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|Other Titles:||Traveling, Reading and Experiments: the Formation of Montesquieu's Climatic Theory and Its Significances|
National Taiwan Normal University Department of History
In the eighteenth century, western scholars were generally convinced that the natural environment, especially climates, influenced human bodies and minds.Montesquieu was one of the influential protagonists of this idea. My study focuses on the development of his climatic theory and attempts to find out the roots and sources of his thought. It argues that Montesquieu was influenced by a complex of traditions and personal experiences. He not only read contemporary travel books and classical literature, but also toured around Europe in person and conversed with other scholars about the relations of climates and humans. As for the classical literature, the sources he primarily consulted were those works written by Hippocrates, Galen and Lucretius. The ancient heritage actually has greater sway on the formation of Montesquieu’s natural knowledge, as well as on that of other Enlightenment philosophes, than current scholarship has supposed.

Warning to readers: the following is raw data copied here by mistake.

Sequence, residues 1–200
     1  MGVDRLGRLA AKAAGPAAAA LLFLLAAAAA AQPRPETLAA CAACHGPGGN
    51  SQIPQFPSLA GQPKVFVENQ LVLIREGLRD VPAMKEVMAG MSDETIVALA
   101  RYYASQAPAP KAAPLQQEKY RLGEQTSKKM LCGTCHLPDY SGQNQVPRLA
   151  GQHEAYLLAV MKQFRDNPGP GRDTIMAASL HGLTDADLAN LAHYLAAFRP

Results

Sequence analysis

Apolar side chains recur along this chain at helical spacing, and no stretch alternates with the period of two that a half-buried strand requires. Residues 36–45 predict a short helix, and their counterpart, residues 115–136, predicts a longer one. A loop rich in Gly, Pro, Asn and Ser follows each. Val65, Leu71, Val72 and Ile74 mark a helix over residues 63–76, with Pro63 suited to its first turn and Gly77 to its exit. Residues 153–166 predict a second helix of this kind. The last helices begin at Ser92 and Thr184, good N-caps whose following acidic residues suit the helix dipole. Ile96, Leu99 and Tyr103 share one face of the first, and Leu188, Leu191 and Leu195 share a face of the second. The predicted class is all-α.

|Appears in Collections:||臺灣師大歷史學報|
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